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SPORTS MEDICINE: Four area teen girls get hands-on training at HMH camp (06/20)

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By Nathaniel Bryan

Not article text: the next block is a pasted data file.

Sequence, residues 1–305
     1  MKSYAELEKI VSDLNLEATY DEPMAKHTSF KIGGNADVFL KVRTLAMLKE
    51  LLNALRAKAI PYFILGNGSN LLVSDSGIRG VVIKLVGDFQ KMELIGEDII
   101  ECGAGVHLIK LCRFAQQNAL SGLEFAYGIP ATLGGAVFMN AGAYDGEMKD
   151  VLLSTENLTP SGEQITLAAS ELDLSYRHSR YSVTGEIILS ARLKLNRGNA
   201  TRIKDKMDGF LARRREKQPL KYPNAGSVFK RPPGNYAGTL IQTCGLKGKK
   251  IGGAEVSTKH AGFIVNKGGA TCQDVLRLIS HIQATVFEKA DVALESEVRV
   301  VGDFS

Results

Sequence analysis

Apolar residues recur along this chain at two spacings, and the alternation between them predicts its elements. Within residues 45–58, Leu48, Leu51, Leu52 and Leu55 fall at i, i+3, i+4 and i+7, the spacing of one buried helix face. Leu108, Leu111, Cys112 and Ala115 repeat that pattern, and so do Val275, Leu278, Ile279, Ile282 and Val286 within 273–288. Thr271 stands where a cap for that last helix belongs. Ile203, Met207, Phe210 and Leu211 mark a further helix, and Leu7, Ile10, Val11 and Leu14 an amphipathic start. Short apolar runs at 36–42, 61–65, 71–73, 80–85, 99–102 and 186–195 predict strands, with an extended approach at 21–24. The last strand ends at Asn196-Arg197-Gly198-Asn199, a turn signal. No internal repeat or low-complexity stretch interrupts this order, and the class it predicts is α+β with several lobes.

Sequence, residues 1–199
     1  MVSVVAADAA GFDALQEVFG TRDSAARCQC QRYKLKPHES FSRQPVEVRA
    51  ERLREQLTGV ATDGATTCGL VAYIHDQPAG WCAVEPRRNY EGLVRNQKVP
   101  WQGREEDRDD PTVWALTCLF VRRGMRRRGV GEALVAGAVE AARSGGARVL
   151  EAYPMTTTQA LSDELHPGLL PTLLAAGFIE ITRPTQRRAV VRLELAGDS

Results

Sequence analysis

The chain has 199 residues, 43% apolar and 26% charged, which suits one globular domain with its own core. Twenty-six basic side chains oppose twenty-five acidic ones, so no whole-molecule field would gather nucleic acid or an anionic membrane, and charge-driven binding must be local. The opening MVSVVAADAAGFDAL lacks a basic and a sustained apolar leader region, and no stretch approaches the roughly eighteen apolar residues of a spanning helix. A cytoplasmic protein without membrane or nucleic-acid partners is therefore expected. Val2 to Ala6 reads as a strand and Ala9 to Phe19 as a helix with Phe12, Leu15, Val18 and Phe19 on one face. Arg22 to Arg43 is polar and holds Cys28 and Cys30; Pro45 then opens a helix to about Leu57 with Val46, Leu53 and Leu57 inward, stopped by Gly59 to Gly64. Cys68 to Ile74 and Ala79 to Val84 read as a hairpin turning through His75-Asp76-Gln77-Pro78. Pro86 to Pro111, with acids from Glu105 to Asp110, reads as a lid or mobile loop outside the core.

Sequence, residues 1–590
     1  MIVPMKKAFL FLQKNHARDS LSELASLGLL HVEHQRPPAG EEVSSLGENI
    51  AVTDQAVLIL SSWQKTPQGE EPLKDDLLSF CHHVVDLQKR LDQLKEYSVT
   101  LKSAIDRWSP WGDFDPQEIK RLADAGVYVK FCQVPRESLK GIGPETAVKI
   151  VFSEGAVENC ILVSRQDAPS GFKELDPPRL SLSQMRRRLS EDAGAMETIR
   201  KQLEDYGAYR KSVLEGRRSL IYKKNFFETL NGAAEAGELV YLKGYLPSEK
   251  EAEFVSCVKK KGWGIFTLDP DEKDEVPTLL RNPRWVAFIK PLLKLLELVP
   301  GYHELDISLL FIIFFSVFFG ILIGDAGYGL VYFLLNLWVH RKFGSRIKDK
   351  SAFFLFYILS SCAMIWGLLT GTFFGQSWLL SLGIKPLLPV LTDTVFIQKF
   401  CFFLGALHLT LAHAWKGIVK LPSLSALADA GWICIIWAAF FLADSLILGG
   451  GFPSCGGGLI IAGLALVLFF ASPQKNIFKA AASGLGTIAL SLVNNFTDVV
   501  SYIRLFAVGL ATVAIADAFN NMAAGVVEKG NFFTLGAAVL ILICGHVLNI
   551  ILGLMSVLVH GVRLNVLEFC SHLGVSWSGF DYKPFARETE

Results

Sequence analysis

By NATHANIEL BRYAN nbryan@thenewsenterprise.com ELIZABETHTOWN Samantha Rivera and Hannah Huffines realize they could have spent the past few days at the pool or at the mall, working on adding to their tans or to their wardrobes. Instead, the teenagers spent Tuesday through Thursday at Hardin Memorial Hospital attending the hospital’s third annual student athletic trainer camp. “No one else is home, so no one was going to be able to take me anywhere,” said Rivera, a 16-year-old Elizabethtown High School junior. “This was a good place for me to be.” “This was far more productive,” said Huffines, a 16-year-old Meade County junior. Rivera and Huffines were two of the four attendees – the other two being 16-year-old Breckinridge County junior Megan Aldridge and 16-year-old Meade County junior Kelcie McCoy – who arrived at the hospital each morning to learn more about athletic training. For HMH certified athletic trainer Carol George, who oversaw the program along with Linda Watts — another HMH trainer — the size of the class was certainly not an issue. “We did have a small group, but they all wanted to be here. They all have an interest in athletic training,” said George, whose husband, Chris Mudd, is a trainer with the Philadelphia Phillies’ farm club in Reading, Pa. “With these girls, we were able to do more one-on-one and hands-on training.” The camp, which ran from 8:30 a.m.-4:30 p.m. for three consecutive days, covered topics including the athletic training career, basic anatomy, injury evaluations, taping and first aid. The girls had the opportunity to pick the minds of such HMH trainers as George, Watts and Eric Oliver as well as Mudd, a former Campbellsville University trainer, current Central Hardin trainer Scott Rouse and industrial trainer Curtis Baker, who attended Western Kentucky University with George. In addition to receiving a daily lunch, training textbook, training kit, T-shirt and daily prizes, all four girls became certified in CPR by the American Heart Association. “They’re not certified athletic trainers, but we did want to prepare them to be assets for their teams right now,” George said. The girls ended their camp by completing an obstacle course of rapid-fire training scenarios. After tending to a cut on an arm, each girl had to buddy-tape fingers (for instance, a dislocated or sprained finger), answer a question relating to sports medicine, put a foot in ice water for two minutes (since, according to George: “Don’t have an athlete do something you wouldn’t do yourself as a trainer”), tape wrists and hands, perform the Heimlich Maneuver on a choking victim, tape an ankle and ice down and wrap a softball or baseball pitcher’s shoulder. McCoy was the only camper not to complete the course in less than 11 minutes, but she proved to be thorough. Plus, speed wasn’t her reason for attending. “Carol helped me stretch before a game and she’s the one that got me interested in this because I want to go into something in sports and the medical field. I’ve learned a lot about athletic training and other fields like physical therapy,” said McCoy, who plays softball and volleyball for Meade County. “Getting close to these girls while doing this has been a lot of fun.” While it was fun, it still proved to be informative. Especially to Aldridge. “I learned more than I ever knew about training. Like that there is a wrong way to make an ice pack for one,” said Aldridge, who plays basketball and softball for Breckinridge County and plans on helping in a trainer’s role with the football team this fall. Rivera has served as a manager for the Elizabethtown football team since she was in the sixth grade. And the football boosters are helping her fund an overnight sports medicine camp at the University of Kentucky next week. The $125 price tag didn’t bother Rivera, and more importantly her financier father Jose, an assistant with Elizabethtown’s football team. “This has been a good experience. I’ve gotten to know three lovely girls and Carol and Linda have been great. We’ve had a lot of fun. It’s been real laid back, but we’ve learned about serious issues,” Rivera said. “It was a good deal. He didn’t complain about the price.” George said HMH wasn’t in it to make a monetary profit, but rather an educational one. “They were a good group to work with. We weren’t making anything off this, so we wanted to put as much back into the educational process as we could,” she said. “In high school, I didn’t have a trainer to look up to, to help me or to give me this type of knowledge.” Nathaniel Bryan can be reached at 505-1758